Pressure is mounting on Germany to permit the export of its main battle tank to Ukraine in order to help Kyiv’s forces seize the initiative on the battlefield in eastern Ukraine and better defend against Russian aerial attacks.
Ukraine has intensified its requests for more sophisticated weapons during what may prove to be a crucial week in international relations.
The refusal of the German chancellor, Olaf Scholz, to permit other nations to sell German-made Leopards has become untenable as a result of Britain’s statement that it will transfer 14 of its Challenger 2 tanks to Ukraine, a senior NATO source stated.
By giving Ukraine new tanks, the British have made it clear that they want to inspire other Western nations to do the same.
President Volodymyr Zelensky of Ukraine and his wife, Olena Zelenska, as well as Kyiv mayor Vitali Klitschko, are exerting additional pressure at this week’s World Economic Forum in Davos, Switzerland, calling for more and better Western heavy weapons, such as tanks and air defences.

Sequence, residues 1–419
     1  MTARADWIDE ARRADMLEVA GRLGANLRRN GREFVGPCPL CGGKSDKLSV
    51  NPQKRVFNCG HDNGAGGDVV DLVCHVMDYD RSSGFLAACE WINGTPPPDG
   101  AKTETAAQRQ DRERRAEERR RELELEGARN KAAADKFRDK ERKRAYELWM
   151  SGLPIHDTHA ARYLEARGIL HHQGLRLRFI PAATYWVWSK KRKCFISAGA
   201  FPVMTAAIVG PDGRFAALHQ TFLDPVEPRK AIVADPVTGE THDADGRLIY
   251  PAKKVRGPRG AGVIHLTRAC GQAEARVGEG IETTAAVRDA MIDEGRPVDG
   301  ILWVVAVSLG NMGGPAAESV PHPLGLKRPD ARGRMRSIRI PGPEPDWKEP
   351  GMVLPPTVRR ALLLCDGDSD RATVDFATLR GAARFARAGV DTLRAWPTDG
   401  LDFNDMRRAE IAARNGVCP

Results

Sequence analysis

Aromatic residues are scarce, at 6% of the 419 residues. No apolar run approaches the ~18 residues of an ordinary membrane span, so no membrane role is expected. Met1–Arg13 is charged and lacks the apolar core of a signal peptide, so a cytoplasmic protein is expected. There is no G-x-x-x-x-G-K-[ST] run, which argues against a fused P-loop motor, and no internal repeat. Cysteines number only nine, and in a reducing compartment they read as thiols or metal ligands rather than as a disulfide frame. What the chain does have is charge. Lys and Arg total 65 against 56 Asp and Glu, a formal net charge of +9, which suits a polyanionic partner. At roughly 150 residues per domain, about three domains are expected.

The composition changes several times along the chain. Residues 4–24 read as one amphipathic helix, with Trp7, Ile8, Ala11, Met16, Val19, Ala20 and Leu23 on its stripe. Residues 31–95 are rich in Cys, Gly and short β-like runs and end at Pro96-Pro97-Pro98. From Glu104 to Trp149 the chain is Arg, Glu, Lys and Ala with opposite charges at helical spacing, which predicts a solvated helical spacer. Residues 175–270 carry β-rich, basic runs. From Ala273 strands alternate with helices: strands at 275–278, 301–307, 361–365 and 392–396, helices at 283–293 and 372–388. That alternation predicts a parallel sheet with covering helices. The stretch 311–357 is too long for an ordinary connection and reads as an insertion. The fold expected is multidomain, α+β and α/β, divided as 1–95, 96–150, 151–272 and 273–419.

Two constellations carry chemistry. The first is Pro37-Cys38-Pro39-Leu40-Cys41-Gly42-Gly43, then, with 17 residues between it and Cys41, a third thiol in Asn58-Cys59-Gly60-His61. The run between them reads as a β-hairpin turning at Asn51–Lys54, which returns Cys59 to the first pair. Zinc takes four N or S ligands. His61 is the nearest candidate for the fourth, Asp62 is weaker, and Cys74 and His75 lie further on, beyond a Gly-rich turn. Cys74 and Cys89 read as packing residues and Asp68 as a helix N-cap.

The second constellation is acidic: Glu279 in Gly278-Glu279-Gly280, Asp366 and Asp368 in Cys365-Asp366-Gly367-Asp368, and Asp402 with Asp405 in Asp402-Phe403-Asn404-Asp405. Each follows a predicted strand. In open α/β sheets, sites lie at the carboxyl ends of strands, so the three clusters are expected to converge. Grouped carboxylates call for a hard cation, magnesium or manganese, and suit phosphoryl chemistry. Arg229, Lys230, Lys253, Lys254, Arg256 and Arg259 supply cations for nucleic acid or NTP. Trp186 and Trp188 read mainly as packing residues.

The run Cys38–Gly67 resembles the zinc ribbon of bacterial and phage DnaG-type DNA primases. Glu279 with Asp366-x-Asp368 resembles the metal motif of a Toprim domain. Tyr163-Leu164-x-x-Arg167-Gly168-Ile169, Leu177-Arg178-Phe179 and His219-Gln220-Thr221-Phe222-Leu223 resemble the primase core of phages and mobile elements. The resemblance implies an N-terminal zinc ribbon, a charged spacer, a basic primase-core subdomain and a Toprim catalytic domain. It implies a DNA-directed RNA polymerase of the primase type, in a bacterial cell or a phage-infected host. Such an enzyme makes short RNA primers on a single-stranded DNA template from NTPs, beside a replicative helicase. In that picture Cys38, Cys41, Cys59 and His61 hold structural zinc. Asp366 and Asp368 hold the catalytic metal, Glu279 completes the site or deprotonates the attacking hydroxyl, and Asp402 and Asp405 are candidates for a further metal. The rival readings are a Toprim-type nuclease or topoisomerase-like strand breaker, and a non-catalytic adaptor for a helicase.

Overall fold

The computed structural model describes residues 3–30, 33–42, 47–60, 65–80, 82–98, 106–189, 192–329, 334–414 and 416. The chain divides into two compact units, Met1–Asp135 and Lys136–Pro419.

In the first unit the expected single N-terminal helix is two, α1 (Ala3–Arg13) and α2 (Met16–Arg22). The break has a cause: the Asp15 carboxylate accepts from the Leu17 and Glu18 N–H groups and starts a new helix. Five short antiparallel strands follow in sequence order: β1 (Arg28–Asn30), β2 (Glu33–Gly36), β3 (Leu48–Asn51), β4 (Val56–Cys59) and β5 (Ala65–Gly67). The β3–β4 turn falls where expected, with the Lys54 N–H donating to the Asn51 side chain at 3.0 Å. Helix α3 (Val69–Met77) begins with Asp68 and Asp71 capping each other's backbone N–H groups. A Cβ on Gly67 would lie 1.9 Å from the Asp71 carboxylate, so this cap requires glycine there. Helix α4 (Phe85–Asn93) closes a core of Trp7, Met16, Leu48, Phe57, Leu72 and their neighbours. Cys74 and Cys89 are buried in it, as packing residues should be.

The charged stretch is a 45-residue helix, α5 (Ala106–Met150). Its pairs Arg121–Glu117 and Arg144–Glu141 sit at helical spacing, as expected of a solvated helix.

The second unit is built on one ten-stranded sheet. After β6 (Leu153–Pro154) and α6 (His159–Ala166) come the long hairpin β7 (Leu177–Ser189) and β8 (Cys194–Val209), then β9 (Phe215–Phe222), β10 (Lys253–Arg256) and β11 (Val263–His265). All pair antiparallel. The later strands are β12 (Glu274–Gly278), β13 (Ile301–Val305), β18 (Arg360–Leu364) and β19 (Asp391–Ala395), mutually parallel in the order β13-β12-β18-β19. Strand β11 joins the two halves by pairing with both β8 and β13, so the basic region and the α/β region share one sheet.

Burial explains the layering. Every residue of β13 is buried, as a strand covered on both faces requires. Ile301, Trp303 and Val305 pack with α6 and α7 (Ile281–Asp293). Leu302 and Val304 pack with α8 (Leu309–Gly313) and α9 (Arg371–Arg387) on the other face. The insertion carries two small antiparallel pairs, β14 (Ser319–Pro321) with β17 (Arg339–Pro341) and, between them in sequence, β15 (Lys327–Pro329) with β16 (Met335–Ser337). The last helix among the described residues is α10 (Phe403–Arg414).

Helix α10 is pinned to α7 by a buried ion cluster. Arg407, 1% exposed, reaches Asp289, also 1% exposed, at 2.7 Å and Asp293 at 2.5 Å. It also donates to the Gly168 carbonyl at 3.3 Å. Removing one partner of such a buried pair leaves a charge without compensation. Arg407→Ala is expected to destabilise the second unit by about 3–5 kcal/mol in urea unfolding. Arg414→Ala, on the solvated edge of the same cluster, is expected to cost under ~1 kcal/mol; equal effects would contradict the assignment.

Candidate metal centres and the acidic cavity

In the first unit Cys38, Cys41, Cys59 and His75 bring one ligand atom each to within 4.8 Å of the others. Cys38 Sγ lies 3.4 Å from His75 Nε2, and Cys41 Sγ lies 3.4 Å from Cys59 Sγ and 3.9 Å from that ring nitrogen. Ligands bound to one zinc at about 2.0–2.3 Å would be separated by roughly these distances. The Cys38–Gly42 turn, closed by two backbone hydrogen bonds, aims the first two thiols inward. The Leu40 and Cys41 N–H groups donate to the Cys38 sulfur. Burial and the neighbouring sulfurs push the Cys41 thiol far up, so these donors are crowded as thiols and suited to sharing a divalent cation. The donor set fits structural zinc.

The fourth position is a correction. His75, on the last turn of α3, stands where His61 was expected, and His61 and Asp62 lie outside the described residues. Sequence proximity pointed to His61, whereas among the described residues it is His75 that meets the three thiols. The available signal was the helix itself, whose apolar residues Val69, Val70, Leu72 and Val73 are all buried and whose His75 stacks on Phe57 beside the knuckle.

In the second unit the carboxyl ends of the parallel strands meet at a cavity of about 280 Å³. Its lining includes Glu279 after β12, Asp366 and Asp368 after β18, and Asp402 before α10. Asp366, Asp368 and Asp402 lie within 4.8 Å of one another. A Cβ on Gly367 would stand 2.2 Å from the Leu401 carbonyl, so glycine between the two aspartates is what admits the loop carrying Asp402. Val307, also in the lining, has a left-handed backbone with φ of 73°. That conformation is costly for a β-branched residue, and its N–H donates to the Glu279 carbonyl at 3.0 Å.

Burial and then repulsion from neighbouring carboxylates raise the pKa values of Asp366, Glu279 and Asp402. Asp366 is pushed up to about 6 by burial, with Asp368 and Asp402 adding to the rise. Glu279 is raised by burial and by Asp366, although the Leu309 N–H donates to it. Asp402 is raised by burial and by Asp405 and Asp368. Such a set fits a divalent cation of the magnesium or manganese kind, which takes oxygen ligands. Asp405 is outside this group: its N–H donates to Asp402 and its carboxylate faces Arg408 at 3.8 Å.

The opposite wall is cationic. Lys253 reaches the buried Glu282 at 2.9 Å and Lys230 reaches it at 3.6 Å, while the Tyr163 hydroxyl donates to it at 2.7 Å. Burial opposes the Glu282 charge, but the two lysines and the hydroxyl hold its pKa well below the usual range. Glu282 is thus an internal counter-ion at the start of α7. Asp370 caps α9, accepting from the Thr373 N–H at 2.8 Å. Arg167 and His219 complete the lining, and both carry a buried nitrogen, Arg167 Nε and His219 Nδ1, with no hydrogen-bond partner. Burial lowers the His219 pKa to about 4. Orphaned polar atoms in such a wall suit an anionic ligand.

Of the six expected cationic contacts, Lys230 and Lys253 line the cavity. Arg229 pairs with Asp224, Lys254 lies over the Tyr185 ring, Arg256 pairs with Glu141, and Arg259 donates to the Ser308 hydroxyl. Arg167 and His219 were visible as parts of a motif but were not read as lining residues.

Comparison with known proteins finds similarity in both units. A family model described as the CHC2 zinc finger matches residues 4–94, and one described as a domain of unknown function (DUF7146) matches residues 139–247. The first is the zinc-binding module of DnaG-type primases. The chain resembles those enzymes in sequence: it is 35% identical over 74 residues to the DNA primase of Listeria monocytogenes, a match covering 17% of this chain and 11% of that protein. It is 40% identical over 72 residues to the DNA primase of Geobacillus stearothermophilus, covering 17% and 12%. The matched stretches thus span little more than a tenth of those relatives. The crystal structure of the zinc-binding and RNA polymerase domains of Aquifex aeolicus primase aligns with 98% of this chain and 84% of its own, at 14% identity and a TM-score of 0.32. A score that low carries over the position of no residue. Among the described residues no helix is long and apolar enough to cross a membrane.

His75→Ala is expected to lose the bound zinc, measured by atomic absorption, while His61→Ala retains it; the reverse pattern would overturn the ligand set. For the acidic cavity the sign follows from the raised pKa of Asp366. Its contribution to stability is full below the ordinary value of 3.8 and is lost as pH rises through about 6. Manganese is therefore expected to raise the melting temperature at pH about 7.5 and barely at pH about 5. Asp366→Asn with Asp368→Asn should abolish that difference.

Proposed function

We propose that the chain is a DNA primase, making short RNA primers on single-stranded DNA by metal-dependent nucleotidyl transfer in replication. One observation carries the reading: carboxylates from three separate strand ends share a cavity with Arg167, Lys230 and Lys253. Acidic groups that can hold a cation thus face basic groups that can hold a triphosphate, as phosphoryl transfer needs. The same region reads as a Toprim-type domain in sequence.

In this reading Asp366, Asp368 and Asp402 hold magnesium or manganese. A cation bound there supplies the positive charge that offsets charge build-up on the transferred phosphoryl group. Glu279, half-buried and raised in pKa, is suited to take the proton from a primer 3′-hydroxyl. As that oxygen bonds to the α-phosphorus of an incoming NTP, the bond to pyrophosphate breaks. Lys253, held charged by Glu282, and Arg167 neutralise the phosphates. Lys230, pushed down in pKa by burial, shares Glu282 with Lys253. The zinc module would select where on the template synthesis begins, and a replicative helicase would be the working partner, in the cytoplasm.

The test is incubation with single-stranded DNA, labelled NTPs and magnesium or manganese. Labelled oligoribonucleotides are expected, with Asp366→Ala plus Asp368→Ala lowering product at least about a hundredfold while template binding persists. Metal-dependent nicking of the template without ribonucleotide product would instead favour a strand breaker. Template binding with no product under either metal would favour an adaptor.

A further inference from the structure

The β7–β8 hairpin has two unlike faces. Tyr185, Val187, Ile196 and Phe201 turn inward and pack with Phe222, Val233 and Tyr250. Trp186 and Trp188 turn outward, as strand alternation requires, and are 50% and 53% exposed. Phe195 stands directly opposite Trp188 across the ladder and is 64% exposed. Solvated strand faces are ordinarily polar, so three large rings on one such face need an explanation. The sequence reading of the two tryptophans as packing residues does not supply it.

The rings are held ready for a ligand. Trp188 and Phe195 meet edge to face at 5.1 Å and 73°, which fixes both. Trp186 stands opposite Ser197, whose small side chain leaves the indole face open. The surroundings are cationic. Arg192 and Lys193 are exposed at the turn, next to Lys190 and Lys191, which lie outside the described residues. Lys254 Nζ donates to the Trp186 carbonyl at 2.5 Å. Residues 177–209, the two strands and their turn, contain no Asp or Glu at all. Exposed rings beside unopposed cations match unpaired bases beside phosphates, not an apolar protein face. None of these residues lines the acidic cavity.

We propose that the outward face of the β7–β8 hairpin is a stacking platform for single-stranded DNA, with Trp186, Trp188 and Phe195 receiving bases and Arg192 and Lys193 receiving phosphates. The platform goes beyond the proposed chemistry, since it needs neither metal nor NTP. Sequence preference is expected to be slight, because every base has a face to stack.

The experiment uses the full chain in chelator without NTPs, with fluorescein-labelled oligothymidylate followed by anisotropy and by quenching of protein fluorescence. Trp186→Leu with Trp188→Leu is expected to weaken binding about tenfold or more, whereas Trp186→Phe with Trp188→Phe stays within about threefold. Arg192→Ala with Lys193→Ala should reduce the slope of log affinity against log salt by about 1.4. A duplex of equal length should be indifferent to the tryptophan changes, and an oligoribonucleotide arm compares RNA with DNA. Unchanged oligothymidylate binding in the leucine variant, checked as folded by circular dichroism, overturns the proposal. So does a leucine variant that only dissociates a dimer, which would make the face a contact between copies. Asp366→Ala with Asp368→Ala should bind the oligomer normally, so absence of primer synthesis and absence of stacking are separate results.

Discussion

Concerns about the limited time available to prepare for a potential Russian invasion in the spring are mounting among Ukraine and its supporters.
Since September, when Ukraine reclaimed substantial portions of its territory in the north and east, Russia has suffered a string of setbacks.
Russia’s response came when fighting on the eastern front stalled and it began to strike infrastructure and civilians.
The dispute over German tanks is likely to be settled by the end of the week at Ramstein Air Base in Germany, where a conference of NATO defence ministers will be followed by a meeting of defence ministers from nations that support Ukraine.
Both NATO and the gathering at Ramstein are anticipated to discuss the supply of Western tanks to Ukraine under the direction of the American defence secretary, Lloyd J. Austin III.
It will take time to deliver the tanks, train the Ukrainians to operate and maintain them, and set up a reliable supply chain for spare parts, warn Western military officials.